Russia and India will find ways to trade despite sanctions, says Lavrov
Russian foreign minister meets Narendra Modi and praises India’s refusal to condemn Ukraine invasion
The Indian prime minister, Narendra Modi, has afforded Russia’s foreign minister the honour of a meeting as Sergei Lavrov praised India’s refusal to condemn the Ukraine invasion.
Lavrov, who is visiting the country, predicted Moscow and Delhi would find ways to circumvent “illegal” western sanctions and continue to trade.
Modi had not met the string of other foreign ministers to arrive in Delhi in recent days, including the UK foreign secretary, Liz Truss, and the Chinese foreign minister, Wang Yi, so Lavrov looks to have been singled out for attention by the Indian leader.
India has abstained from successive United Nations resolutions censuring Moscow, calling only for an end to violence, and has increased its oil purchases from Russia, its biggest supplier of arms.
Truss, in India on Thursday, had tried to cast the battle as one between democracies and autocracies, but India, the world’s most populous democracy, does not seem willing to accept this, especially if it requires India to break with Russia on issues such as arms sales and a future realignment of the global security architecture in which the US has a less prominent role.
Lavrov said: “These days our western colleagues would like to reduce any meaningful international issue to the crisis in Ukraine … [We] appreciate that India is taking this situation in the entirety of facts, not just in a one-sided way. I can only say that the balanced position of India which is not influenced by blackmail or diktat methods inspires our respect.”
Lavrov also claimed Ukraine was showing increasing understanding that joining Nato was not an option. “Friendship is the key word to describe the history of our relations, and our relations were very sustainable during many difficult times in the past,” he said.
His Indian counterpart, Dr S Jaishankar, reiterated “the importance of cessation of violence and ending hostilities” and said: “Disputes should be resolved through dialogue and diplomacy.”
Lavrov said Russia’s military offensive in Ukraine was not “just about Ukraine, its neutrality”, but rather a “question of world order”. He suggested that the US had now suppressed all attempts at establishing autonomy by Europe, with the latter now completely in lockstep with Washington, a status to which he said Europe was reconciled.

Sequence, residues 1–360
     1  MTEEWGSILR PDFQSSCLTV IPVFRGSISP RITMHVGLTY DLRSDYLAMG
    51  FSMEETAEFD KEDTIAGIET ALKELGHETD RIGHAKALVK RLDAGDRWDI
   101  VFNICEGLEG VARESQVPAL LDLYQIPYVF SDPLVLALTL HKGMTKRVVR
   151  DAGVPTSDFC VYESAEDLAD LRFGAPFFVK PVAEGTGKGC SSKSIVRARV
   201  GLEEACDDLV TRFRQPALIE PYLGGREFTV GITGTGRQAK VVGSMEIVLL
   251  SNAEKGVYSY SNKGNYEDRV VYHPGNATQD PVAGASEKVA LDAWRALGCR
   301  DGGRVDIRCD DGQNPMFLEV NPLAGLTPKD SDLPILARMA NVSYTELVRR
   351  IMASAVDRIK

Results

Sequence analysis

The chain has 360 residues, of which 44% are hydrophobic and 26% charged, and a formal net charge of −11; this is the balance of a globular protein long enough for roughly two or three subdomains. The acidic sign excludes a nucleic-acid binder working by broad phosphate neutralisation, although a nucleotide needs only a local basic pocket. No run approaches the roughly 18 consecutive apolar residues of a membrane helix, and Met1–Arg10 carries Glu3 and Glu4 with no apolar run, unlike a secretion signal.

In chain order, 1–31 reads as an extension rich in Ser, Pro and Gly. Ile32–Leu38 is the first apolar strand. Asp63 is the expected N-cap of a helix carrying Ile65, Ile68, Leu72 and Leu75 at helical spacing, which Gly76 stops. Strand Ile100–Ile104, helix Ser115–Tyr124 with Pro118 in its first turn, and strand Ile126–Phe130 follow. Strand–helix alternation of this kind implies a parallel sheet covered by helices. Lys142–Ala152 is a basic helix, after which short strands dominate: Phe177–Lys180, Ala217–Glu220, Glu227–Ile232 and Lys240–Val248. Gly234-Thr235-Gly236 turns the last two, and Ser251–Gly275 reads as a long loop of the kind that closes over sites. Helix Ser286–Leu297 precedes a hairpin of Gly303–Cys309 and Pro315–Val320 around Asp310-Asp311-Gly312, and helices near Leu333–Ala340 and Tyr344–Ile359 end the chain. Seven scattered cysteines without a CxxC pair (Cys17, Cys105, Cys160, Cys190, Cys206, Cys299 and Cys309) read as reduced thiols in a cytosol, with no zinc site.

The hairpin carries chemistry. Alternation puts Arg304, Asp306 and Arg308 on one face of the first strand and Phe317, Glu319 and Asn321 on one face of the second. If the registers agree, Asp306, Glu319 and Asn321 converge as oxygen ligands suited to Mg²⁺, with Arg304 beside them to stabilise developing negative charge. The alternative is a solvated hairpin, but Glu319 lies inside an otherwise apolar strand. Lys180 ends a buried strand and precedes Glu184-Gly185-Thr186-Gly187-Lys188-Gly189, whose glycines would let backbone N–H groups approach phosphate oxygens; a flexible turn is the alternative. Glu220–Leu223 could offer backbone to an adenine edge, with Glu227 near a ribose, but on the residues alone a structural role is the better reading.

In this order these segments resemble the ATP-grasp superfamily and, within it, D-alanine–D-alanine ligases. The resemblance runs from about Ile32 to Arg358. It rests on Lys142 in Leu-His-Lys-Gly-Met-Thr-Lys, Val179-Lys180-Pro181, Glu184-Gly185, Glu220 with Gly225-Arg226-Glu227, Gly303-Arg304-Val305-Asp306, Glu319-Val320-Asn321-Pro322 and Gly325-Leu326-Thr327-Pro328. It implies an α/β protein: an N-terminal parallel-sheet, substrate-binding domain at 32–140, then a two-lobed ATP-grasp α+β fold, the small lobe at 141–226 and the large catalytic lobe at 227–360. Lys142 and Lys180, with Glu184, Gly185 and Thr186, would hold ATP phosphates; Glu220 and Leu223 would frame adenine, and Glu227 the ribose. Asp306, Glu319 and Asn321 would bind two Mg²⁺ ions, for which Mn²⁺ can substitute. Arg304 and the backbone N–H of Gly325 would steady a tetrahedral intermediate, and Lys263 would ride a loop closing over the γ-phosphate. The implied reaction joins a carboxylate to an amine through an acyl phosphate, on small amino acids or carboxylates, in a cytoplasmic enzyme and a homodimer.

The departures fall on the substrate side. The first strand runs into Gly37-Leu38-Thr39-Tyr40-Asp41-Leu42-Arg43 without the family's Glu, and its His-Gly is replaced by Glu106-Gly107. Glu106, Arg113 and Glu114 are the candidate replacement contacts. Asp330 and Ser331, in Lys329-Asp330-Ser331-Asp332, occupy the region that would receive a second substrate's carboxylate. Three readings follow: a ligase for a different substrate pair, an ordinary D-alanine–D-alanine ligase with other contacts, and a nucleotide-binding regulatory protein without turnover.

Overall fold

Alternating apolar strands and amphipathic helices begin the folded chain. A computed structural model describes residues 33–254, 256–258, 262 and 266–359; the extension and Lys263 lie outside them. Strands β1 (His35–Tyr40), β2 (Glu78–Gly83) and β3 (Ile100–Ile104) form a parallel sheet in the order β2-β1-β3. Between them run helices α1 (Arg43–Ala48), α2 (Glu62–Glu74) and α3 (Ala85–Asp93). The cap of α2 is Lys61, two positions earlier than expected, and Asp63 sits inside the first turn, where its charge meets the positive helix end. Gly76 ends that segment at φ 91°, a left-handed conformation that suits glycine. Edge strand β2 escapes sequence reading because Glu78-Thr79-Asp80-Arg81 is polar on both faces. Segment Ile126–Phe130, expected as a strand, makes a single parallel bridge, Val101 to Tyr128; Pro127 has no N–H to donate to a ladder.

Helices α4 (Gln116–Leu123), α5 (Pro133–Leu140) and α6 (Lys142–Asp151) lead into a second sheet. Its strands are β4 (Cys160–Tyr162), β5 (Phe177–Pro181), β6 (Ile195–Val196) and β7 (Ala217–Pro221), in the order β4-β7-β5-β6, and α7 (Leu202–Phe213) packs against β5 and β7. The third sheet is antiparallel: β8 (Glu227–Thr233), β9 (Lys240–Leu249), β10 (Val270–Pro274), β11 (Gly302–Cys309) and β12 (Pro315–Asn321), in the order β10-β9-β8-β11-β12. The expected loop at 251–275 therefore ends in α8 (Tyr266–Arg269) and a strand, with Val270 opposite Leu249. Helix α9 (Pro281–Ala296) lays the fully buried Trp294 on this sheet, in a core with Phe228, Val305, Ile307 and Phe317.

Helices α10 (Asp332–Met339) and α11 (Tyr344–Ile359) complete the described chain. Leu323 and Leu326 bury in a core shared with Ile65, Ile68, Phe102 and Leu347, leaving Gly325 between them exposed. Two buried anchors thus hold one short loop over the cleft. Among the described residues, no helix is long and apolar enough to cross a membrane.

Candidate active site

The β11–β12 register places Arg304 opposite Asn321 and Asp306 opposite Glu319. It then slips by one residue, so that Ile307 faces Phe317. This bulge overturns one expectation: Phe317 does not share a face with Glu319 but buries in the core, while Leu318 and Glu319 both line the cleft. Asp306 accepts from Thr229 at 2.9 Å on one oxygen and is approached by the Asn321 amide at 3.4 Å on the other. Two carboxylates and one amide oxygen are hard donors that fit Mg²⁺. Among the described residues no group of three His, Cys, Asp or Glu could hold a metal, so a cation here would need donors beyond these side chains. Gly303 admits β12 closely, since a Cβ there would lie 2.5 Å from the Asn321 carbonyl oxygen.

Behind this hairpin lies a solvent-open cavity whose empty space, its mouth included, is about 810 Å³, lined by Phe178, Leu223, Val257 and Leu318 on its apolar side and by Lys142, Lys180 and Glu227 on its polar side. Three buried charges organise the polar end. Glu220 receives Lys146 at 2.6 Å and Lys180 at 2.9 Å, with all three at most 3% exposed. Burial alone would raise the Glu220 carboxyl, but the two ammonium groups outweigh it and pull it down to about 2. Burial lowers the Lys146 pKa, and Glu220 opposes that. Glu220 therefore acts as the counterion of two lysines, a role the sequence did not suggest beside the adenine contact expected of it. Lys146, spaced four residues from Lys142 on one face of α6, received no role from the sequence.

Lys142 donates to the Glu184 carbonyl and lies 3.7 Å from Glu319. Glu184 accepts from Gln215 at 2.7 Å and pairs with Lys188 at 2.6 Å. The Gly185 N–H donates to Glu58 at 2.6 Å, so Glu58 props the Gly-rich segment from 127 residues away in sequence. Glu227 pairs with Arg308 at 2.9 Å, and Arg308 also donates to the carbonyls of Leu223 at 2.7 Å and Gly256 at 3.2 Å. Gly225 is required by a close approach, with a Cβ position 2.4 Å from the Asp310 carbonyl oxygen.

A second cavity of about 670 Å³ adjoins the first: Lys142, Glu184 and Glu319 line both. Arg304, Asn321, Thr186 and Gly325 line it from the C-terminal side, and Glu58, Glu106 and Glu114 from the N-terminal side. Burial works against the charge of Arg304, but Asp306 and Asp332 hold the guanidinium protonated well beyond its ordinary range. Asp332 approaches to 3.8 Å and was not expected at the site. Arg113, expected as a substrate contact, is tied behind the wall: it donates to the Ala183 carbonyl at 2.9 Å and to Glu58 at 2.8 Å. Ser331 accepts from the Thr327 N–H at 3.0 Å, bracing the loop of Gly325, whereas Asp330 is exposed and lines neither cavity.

In words designed to attract approval in India, he said the west’s real endgame was the re-establishment of a unipolar world.
Lavrov said the US and its allies were trying to conceal their true objectives, portraying their confrontation with Russia and some other nations as a “battle between democracies and autocracies”. However, according to the Russian foreign minister, the west itself has become one big autocracy with the US at the helm.
But there are also tensions in the relationship between India and Russia. Western financial sanctions have reportedly made it difficult for India to pay Russia for imports including arms, oil, rough diamonds and fertilisers. Russia has written to India’s defence ministry requesting clearance of back payments worth $1.3bn, according to the Economic Times newspaper.
India and Russia have been working on a rupee-rouble mechanism to facilitate trade and get around western sanctions on Russian banks, according to media reports. Lavrov told reporters he was confident the two countries would find a solution.
“Many years ago we started moving in our relations with India, with China, with many other countries from using dollars and euros to more and more use of national currencies. Under these circumstances this trend I believe will be intensified,” he said. “We will be ready to supply to India any goods which India wants to buy … and I have no doubt that a way will be found to bypass the artificial impediments which illegal unilateral sanctions by the west create.”
Lavrov arrived in Delhi on Thursday from China, where he had hailed Beijing as part of a new “multipolar, just, democratic world order”.
India shares western alarm over China’s growing assertiveness in the Indo-Pacific region, and is a member of the so-called Quad alliance with the US, Japan and Australia.
The US is pushing the argument that Russia will end up the junior partner in its relationship with China and that the more leverage China gains over Russia, the less favourable that is for India.